In the first post of this series, I covered Part 1: Identifying and Positioning Your Needs, reviewing how to assess your organization’s assets and market them in a way that is appealing to a wide variety of organizations
This second installment, Part 2: Identifying and Researching Potential Partners, outlines several tips to help you determine how best to develop a prospect list and how to research each organization before you meet with them.
Consumers Want Business to Tackle Social Issues
According to Edelman’s Good Purpose Study: 2010 62% of consumers feel strongly that businesses should incorporate cause into day-to-day business practices. And, consumers are willing to put their wallet where their mouths are: social purpose is the #1 purchase trigger when quality and price are the same.
This is great news for non-profits and corporations alike – working together, you can advance missions, help consumers achieve part of their goals for giving back, all while helping both organizations enhance loyalty and boost bottom lines.
Beginning to Identifying Potential Partners?
At For Momentum, we use an in-depth research process to assess each client’s goals, business plans, structure and readiness to implement a cause effort, as well as assess the competitive landscape and identify potential partner organizations (we do this for both non-profit and for-profit clients).
Of course, we all know it’s more efficient and rewarding to start with current partners and determine how to deepen those relationships first. Start in house by focusing on new approaches to engage current partners, looking for ways to better deliver and evaluate mutual value. But, if it’s time to diversify your partner list, consider the following steps.
- Go to the Internet: The internet is still a top resource to conduct general research into various organizations.
- Check local associations/listings: This is especially helpful if you are looking for local partners. Research Chamber of Commerce sites, Convention and Visitor’s Bureau listings.
- Check your competitors: Research who your competition is working with to get ideas of other organizations to place on your research and outreach list.
- Ask your connections: Let your colleagues, board members and your friends know what you’re trying to accomplish; you never know who they know and a warm introduction or referral is better than a cold call any day.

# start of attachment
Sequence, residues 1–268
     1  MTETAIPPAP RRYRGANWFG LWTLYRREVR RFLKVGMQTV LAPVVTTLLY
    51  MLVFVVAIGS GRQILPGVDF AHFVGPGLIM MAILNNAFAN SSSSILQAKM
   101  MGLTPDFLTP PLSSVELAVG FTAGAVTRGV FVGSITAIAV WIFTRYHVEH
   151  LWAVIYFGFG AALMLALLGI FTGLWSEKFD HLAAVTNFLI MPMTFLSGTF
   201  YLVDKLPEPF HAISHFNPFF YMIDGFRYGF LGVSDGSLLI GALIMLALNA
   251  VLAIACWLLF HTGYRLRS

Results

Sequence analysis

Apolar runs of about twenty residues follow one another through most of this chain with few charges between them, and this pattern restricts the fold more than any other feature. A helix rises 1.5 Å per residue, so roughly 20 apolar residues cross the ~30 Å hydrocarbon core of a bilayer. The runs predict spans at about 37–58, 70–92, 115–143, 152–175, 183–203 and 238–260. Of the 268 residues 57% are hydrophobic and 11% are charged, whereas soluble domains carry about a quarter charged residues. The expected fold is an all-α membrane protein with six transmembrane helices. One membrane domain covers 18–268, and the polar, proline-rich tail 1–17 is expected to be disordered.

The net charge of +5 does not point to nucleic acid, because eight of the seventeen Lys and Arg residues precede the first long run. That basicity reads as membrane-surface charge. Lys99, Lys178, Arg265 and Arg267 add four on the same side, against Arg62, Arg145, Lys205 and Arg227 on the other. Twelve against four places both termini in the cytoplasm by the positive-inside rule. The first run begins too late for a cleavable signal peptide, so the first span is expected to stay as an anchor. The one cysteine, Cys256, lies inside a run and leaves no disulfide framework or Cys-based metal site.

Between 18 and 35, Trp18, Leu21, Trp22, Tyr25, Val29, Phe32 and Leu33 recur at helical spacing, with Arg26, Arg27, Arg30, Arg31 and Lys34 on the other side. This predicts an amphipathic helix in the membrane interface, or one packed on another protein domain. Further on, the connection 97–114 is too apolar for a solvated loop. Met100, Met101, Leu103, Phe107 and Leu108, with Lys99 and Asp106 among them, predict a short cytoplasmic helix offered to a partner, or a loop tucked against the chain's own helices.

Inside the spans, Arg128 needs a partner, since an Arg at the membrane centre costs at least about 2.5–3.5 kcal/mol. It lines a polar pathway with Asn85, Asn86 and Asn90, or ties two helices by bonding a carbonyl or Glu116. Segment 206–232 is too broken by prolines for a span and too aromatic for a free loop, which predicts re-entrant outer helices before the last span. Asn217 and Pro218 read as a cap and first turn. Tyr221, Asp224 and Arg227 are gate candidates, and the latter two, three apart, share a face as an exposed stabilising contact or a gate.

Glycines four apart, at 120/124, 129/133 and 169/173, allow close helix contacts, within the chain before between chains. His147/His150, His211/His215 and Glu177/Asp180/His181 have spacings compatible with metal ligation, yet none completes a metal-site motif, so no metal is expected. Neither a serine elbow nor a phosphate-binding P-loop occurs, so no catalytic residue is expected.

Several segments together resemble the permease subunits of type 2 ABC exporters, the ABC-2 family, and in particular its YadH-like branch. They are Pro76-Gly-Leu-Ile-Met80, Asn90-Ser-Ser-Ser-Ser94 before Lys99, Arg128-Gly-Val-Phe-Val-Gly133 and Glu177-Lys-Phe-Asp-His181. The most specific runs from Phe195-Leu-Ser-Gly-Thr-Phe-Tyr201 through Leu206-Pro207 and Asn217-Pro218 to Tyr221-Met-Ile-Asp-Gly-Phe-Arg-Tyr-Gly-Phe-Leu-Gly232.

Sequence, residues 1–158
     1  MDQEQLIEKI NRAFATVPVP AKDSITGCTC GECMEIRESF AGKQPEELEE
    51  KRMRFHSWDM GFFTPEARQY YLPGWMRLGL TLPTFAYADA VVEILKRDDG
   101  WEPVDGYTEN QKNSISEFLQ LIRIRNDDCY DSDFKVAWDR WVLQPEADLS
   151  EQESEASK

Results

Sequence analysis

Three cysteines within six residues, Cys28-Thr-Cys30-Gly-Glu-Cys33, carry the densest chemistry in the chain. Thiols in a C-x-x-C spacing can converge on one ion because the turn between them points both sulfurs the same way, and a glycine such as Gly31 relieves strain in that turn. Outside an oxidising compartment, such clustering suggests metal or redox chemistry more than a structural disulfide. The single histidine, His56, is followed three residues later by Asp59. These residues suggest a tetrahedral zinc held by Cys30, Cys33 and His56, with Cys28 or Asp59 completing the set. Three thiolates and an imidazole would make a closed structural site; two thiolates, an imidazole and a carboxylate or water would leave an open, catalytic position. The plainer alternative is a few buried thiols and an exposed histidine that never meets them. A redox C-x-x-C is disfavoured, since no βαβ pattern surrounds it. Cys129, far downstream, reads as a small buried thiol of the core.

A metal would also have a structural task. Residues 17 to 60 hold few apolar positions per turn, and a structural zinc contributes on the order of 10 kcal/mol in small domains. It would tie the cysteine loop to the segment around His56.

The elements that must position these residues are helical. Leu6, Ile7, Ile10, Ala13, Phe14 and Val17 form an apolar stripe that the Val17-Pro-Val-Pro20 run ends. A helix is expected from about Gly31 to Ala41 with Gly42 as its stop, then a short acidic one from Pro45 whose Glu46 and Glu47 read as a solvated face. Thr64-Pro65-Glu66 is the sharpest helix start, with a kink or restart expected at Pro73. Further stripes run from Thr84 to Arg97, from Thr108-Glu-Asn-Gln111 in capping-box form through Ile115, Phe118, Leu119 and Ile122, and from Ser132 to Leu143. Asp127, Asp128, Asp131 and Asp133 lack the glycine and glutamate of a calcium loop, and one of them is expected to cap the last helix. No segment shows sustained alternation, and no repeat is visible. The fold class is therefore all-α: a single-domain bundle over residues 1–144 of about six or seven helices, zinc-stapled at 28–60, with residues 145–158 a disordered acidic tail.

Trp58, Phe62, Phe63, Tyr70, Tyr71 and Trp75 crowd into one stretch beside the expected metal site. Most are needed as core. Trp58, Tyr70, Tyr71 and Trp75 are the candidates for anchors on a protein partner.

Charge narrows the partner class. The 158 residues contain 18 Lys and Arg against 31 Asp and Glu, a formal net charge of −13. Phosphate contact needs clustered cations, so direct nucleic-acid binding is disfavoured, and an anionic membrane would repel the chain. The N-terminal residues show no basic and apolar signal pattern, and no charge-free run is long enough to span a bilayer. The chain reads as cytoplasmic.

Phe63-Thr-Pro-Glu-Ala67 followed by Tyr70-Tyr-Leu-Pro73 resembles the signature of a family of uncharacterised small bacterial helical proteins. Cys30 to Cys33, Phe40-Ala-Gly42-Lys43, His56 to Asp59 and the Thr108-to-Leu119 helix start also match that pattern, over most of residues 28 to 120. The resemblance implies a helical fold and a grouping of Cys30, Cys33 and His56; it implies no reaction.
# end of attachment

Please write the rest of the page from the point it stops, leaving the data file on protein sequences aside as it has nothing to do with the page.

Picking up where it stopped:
Once you’ve identified a short list of potential matches:
- Determine where there is a mission match: Consider the organization’s current mission and if it is a corporation, considering their existing goals and projects around community efforts.
- Consider geography: If you are a national organization, it’s best to select partners that also have national scope, or one that delivers services/conducts business/scheduled events in most of the same markets as you do.
- Outline target audience connections: Perhaps you are both trying to reach Moms and teens
- Make a list of programmatic links: List the key areas where you see a potential match between what that organization makes or offers to identify where your services, resources, needs, vision might match up, i.e. help your potential partner reach their business objectives
- Assess their assets: Don’t forget to review what the potential partner’s assets are, how you can help them and they can help you. Make a list of outreach vehicles e.g. publications (electronic and hard copy), website, social media, membership database, events, etc.
- Higher-level value: Last, don’t forget to frame your thinking around higher-level value. It’s not about finding a partner to sponsor t-shirts, it’s about helping each other “keep hope alive,” “create a better future,” “support people in crisis,” etc.